If you frequent the campus area, you are well aware of the new McFarland Memorial bell tower that has been erected on the south quad. One can hardly ignore the several story tall tower. Unlike the bells at Altgeld, the new University Carillon is automated with an electronic keyboard that can be played on the bottom of the tower. It’s a new, shiny, updated addition to the south quad — modern and a bit minimalist, and not completely unwelcome, as the sound of bells is always pleasant (though flying a kite might prove to be more difficult). On a quiet day you can even hear them from residential Urbana.
However, in the shadows of this massive bell tower, you may have come across a much older and smaller building. It looks very much like a house, and indeed it was built as a model farmhouse.
Though paint may be chipping on the front steps and it has received little maintenance, the house is actually intact and structurally sound, according to a recent inspection. Named after one of the early deans of the College of Agriculture, Mumford House has been standing on the south quad since 1870, only three years after the university was founded. With plans to build a landscaped plaza around the new bell tower, the university is planning to relocate Mumford House to the traffic-laden Windsor Road.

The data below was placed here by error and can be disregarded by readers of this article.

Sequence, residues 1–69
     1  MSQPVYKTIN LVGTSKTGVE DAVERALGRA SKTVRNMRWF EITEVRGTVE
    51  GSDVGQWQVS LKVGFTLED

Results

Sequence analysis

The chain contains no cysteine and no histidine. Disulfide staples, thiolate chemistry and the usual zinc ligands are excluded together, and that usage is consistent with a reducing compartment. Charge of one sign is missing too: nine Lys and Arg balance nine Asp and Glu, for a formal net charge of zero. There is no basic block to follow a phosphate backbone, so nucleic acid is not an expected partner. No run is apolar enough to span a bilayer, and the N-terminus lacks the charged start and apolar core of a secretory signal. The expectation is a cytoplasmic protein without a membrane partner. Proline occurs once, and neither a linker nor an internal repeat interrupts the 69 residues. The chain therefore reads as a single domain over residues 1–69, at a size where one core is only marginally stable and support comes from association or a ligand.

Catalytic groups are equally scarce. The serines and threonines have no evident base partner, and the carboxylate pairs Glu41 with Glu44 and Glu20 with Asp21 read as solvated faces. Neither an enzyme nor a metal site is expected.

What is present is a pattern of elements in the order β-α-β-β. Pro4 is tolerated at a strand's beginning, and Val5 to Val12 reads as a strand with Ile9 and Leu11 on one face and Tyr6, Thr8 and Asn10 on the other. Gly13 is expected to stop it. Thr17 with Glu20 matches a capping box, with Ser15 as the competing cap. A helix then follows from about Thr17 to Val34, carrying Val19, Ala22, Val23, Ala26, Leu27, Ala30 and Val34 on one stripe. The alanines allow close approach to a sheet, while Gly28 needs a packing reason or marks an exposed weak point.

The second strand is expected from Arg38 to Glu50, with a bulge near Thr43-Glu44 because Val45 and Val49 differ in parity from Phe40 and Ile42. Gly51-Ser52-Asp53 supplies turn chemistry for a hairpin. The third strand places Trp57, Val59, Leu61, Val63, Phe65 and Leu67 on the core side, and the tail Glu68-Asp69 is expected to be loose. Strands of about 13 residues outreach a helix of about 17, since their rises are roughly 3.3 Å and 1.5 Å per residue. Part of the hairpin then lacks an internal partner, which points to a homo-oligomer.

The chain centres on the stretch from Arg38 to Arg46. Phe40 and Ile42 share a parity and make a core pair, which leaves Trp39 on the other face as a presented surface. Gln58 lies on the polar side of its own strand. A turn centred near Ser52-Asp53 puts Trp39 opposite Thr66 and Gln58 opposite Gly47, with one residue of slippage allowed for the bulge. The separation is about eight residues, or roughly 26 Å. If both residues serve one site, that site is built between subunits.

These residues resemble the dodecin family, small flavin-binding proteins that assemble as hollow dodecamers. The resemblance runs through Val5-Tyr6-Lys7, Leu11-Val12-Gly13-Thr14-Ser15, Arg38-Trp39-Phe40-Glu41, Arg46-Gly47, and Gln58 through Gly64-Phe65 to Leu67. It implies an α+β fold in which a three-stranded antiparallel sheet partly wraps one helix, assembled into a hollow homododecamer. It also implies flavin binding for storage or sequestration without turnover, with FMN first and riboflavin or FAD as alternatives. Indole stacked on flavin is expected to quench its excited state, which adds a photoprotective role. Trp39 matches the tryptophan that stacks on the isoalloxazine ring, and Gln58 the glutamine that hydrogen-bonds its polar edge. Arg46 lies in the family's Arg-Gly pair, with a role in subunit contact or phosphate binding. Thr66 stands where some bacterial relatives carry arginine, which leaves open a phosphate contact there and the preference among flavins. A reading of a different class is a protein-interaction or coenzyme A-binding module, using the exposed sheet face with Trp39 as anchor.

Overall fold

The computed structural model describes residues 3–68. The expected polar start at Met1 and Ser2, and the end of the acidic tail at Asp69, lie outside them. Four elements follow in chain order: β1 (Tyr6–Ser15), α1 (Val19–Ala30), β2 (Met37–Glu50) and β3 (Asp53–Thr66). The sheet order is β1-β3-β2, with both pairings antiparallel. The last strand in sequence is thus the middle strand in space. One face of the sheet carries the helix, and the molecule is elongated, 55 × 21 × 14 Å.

The university’s relocation plans have incited a great deal of protest from the Preservation and Conservation Association (PACA), Landmarks Illinois and many concerned residents and students. The building has received little attention over the past 20 years, and many rightfully fear that by placing it far from campus the historic building will be neglected and subject to vandalism. It is one of the last tangible remnants of the University’s founding. For the first century, Mumford House was used as the residence for agriculture deans, then as faculty offices until it was vacated. To remove Mumford House is not just a simple matter of relocating a building, but it is a clear rejection of the University’s history. Is a landscaped plaza absolutely necessary? Must the Mumford House be cleared for the sake of this plaza? Is there not some better use for such a historic landmark, than to allow it to be forgotten?
If you would like to voice your concern and find out how you can help preserve an important part of Illinois history contact Landmarks Illinois, National Trust for Historic Presevation or PACA.
Photo by PACA.